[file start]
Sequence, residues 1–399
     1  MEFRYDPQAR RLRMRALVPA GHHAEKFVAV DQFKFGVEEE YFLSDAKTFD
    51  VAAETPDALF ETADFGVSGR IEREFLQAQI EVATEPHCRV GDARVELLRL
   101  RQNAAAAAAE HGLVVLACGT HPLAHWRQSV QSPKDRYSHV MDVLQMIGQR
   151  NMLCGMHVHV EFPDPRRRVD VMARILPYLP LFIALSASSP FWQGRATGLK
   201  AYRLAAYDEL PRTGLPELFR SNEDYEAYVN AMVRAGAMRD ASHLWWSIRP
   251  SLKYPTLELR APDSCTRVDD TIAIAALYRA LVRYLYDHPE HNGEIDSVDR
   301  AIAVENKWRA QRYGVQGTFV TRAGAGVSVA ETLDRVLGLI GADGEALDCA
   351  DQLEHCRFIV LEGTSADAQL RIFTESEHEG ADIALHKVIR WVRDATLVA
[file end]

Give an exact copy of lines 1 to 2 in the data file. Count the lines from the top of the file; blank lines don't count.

Sequence, residues 1–399
     1  MEFRYDPQAR RLRMRALVPA GHHAEKFVAV DQFKFGVEEE YFLSDAKTFD